Constantin Hansen’s name was not listed with the other students, because he had already left for Italy on a study tour. Hilker took the plans of the hall with him when he travelled to Rome in 1838 and encouraged Constantin Hansen to help him with a draft.They complemented each other, for Hilker had trained as a decorative painter at the Academy of Fine Arts and Constantin Hansen had been schooled as a figure painter in the grand style of two outstanding professors, J. L. Lund and C. W. Eckersberg.

A proposal from Hilker and Constantin Hansen was accepted by the university Senate in 1840. As the basis for their draft proposal, Hilker and Constantin Hansen studied and copied Pompeian decoration during a stay in Naples. Specifically, the style and acanthus frieze that runs beneath the ceiling is based on the temple of Isis in Pompeii. In Rome, they meticulously studied the impressive murals by Raphael in the Stanzas and Loggias of the Vatican palace, together with Michelangelo’s decoration of the Sistine Chapel. The Loggias provided the model for their pilaster decoration, but it was Hilker who´suggested that Raphael’s exotic flora and fauna be replaced by Nordic ones. It did not escape Constantin Hansen that Athena and Apollo can be seen in niches in the middle ground architecture of Raphael’s “The School of Athens” in the Stanza della Segnatura. In addition, Bissen had been commissioned to sculpt Athena and Apollo just before he made a study trip to Rome in 1841. The coloration of the Sistine Chapel made a strong impression on Nordic painters who visited Rome in the 1830S and 1840s. Ditlev Blunck, for instance, wrote home to Professor Lund in 1838 that it was impressive to see a decoration which resembled a vast water-colour painting. Until the Chapel underwent extensive restoration in recent years, it was difficult to understand this description. In his article, Constantin Hansen clearly acknowledges his sources. Reliefs from the Parthenon (fig. 83, 84), Attic patterns and vase motifs supported contemporary conceptions that Constantin Hansen, like Thorvaldsen, was a “Greek” in his classicism.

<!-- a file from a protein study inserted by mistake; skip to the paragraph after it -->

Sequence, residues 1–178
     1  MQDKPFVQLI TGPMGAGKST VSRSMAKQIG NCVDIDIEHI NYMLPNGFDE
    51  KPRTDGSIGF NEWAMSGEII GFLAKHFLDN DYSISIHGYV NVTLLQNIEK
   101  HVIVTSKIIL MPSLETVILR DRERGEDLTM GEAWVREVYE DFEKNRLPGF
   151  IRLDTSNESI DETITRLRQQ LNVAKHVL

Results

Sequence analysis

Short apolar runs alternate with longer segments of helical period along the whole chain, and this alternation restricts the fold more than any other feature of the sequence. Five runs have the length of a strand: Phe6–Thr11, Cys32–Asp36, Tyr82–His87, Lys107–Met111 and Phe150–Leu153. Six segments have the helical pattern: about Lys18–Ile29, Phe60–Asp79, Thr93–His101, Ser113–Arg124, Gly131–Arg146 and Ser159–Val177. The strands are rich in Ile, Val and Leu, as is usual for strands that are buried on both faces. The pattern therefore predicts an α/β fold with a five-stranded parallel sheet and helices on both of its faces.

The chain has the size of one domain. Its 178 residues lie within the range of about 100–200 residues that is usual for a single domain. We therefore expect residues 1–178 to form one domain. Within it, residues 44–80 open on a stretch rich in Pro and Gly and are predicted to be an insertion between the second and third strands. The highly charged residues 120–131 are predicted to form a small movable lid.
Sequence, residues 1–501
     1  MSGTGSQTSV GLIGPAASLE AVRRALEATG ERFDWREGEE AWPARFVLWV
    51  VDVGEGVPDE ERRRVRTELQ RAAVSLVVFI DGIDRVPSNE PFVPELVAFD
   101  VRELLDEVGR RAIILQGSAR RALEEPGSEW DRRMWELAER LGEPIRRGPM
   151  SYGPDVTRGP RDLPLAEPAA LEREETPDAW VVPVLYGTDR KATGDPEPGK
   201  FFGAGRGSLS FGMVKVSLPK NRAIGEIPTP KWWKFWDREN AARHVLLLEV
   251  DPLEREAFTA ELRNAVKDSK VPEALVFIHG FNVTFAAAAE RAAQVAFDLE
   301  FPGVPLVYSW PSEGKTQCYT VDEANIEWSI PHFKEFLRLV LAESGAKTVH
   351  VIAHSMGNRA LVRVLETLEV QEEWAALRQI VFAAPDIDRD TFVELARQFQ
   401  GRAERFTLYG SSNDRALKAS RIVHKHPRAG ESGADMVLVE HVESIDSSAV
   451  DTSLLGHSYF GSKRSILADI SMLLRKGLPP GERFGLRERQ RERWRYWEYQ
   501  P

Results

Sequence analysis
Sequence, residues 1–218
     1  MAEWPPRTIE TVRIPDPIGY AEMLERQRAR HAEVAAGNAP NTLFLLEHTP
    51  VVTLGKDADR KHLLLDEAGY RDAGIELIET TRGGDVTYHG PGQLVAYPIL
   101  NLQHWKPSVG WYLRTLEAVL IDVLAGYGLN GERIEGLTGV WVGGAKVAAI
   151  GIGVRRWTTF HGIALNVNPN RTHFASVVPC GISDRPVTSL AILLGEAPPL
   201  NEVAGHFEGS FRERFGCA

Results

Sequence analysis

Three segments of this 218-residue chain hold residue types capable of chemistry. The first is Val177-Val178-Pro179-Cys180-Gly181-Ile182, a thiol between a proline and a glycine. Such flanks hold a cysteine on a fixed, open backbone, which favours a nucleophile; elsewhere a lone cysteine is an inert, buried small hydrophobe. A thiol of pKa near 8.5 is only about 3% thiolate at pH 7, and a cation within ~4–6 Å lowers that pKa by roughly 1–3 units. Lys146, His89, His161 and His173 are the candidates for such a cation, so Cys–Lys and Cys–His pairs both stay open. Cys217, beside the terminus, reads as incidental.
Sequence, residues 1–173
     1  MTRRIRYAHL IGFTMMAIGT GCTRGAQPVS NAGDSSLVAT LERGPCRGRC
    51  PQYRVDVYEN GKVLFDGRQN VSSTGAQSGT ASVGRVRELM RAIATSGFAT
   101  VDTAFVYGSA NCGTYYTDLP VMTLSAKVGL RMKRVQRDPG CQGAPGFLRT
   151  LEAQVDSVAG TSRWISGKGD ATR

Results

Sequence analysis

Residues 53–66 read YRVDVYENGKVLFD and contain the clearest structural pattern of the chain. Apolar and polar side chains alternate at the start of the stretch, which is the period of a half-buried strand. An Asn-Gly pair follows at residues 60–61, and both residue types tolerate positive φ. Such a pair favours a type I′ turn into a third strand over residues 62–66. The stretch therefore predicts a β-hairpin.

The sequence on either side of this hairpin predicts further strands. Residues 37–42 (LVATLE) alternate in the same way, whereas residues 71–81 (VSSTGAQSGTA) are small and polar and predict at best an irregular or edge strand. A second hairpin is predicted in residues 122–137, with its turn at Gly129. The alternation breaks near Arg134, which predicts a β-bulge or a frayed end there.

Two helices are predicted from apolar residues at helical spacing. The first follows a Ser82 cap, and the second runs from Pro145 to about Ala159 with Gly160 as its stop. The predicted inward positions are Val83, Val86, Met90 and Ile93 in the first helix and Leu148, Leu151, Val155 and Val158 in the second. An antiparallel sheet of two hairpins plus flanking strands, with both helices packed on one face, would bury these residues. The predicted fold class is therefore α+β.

Thorvaldsen’s position in Rome and his extensive activities there have also left their mark; we can assume that his admiration of, for instance, Raphael’s treatment of Psyche in the Villa Farnesina may have inspired Constantin Hansen. If Hansen’s frieze depicting the Argonauts on the island of the Bebryces looks slightly familiar, the explanation is that the Danish historian and archaeologist P. O. Brøndsted had just published his book on the Ficoroni Cista, in the Villa Giulia Museum in Rome. In his frieze, Constantin Hansen has eliminated all the minor details and reproduced the figure composition itself.

Parthenonfrisen, syd metope 27
FIG. 84. The Parthenon, south metope 27; 447-442 B.C. H: 137 cm. London, British Museum.

Contemporary painters in Rome took a special interest in the use of older painting techniques for murals. The Nazarenes were German painters who succeeded in reviving interest in fresco techniques. They obtained a number of commissions in Rome, including the decorations of Casa Buti and Casino Massimo. One of these painters, Peter Cornelius, was a friend of Thorvaldsen and deposited his works in one of Thorvaldsen’s ateliers when he had to return to Munich for personal reasons. The two Danish painters also paid a visit to Peter Cornelius’s school in Munich on their journey home from Rome, to familiarise themselves with fresco techniques and to view works in the city carried out for King Ludwig of Bavaria.